Menus API overview

Using the menus API, you can retrieve a fully resolved set of menus for the restaurant you specify. With this data, you can construct a menu that satisfies your business requirements. For example, you can use the menus API data to construct a digital menu board or to create an ordering application where guests can place orders.

The menus API returns JSON that reflects the structure that a Toast customer has defined for their restaurant's menus in the Toast administration back-end. This is also the structure that the Toast platform uses to display menus on Toast devices. For example, if a restaurant's Breakfast menu is configured to appear on a Toast POS device before a Lunch menu, then the JSON returned by the menus API will include the Breakfast menu data before the Lunch menu data. To use the menus API effectively, it is important to understand the Toast menu structure and rules described in Menu hierarchy.

If you are using the menus API data to construct an ordering application, those orders will ultimately be injected into the Toast platform using the orders API. It is important that orders injected into the orders API are properly formed and valid. The menus API provides information that you can use to ensure that orders you pass to the orders API are valid. See Using menus API data to submit properly formed orders for more information.

You send a GET request to the menus API's /menus endpoint to retrieve a JSON representation of a restaurant's menus. The menus API returns all values for all objects in the JSON output, even if they are empty or null. The menus API currently supports data retrieval only. If any of the menu entities returned by the menus API need modification, those configuration changes must be made in the Toast administration back-end by the Toast customer.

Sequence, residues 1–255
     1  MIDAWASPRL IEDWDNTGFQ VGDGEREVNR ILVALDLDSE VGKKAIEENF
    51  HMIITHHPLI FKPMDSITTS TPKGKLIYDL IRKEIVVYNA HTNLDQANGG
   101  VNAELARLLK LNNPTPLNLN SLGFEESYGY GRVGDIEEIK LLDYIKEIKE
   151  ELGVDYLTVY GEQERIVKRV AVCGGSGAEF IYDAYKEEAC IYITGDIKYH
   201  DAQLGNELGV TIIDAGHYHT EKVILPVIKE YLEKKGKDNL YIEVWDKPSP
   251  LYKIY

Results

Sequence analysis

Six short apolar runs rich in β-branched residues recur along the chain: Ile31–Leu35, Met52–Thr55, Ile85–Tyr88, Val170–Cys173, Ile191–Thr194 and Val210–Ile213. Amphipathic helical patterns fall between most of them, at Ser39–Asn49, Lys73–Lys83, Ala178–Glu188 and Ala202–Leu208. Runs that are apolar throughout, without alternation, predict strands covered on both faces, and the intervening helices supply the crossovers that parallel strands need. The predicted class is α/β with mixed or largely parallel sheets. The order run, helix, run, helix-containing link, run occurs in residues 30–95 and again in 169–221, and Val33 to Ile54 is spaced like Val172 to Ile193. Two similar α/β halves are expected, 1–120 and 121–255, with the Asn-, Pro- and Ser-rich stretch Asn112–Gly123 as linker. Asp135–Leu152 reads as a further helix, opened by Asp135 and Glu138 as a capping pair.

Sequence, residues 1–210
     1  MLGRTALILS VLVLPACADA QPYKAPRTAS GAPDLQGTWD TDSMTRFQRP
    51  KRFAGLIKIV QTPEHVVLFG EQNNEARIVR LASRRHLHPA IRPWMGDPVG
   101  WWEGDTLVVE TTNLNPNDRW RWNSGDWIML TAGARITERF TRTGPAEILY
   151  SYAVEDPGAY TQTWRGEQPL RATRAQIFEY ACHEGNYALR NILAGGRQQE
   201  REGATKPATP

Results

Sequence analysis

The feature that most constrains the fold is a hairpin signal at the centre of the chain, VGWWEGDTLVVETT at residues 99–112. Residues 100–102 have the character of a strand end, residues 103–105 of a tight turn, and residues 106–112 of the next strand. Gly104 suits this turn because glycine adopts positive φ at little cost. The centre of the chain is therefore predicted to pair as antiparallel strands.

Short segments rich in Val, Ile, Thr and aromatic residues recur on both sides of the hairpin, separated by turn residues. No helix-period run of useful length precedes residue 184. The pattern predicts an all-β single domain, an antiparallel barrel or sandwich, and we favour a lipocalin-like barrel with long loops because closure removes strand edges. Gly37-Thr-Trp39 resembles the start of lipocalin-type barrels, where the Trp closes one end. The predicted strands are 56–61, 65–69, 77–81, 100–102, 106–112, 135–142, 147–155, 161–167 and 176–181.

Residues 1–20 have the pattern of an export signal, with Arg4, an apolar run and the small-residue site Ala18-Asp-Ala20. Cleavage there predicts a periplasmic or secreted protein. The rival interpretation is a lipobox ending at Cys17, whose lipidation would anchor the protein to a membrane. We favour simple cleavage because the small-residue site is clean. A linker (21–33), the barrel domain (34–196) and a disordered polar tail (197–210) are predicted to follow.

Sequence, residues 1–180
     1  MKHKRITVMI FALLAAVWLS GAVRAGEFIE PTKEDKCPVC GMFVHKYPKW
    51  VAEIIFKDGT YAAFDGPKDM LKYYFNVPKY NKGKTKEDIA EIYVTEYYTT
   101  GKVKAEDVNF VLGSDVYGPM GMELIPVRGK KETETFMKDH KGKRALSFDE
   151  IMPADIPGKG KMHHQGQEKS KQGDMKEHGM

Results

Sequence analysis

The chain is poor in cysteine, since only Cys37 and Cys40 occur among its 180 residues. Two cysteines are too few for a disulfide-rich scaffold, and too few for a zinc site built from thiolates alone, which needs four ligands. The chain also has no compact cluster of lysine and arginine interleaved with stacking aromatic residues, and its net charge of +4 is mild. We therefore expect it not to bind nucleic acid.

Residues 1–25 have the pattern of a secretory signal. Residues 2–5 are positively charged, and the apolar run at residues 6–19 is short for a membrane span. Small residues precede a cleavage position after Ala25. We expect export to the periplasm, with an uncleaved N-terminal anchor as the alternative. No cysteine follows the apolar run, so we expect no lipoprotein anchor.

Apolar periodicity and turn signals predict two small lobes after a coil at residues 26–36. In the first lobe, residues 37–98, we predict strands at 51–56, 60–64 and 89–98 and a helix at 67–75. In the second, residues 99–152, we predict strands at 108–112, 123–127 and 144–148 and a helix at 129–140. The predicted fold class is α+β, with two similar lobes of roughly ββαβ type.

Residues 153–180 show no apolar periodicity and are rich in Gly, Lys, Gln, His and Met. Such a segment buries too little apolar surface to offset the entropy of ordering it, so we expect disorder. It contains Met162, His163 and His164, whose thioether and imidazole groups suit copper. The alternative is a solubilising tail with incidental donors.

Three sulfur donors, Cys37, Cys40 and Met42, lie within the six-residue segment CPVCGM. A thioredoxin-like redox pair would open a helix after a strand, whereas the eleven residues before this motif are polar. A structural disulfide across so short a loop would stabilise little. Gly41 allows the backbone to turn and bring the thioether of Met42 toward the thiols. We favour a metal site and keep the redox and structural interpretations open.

To conserve the use of system resources, the menus API service only generates the JSON that it returns when a menu-related change has been made and published. This means that:

  • The menus API returns published data only.

  • If changes have been made to a restaurant's menu configuration in the Toast administration back-end, the Toast customer must publish those changes before the menus API can return them.

There is a period of time after a menu has been published during which the Toast platform publishes the new data and then creates the menu JSON file that the menus API returns in response to requests made to the /menus endpoint. The length of this time period depends on the size and complexity of the restaurant's menu. You must wait for this process to complete before the newly published data will be returned by the menus API.

Toast Support recommends that you compare the date and time of your current menu JSON to that of the most recently published JSON to see if changes have been made before you make a call to the /menus endpoint. You retrieve the date and time of the most recently published JSON using the /metadata endpoint. See Determining if a restaurant's menu data has gone stale for more information.

Important

Best practice is to poll the /metadata endpoint through the day to determine if your menu JSON has become stale and make a call to the /menus endpoint if it has.

The menus API supersedes the configuration API and the nightly menu JSON export for menu data retrieval. To understand the differences between these three menu retrieval mechanisms, see Comparing the menus API with the configuration API and menu JSON export.